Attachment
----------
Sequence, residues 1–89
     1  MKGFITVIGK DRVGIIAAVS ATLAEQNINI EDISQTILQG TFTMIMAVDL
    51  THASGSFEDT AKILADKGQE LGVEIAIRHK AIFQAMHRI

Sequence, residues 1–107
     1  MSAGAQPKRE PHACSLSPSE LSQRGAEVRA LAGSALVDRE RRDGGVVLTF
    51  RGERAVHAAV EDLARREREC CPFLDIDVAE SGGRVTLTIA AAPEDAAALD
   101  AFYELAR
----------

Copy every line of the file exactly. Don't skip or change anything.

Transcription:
Sequence, residues 1–89
     1  MKGFITVIGK DRVGIIAAVS ATLAEQNINI EDISQTILQG TFTMIMAVDL
    51  THASGSFEDT AKILADKGQE LGVEIAIRHK AIFQAMHRI

Sequence, residues 1–107
     1  MSAGAQPKRE PHACSLSPSE LSQRGAEVRA LAGSALVDRE RRDGGVVLTF
    51  RGERAVHAAV EDLARREREC CPFLDIDVAE SGGRVTLTIA AAPEDAAALD
   101  AFYELAR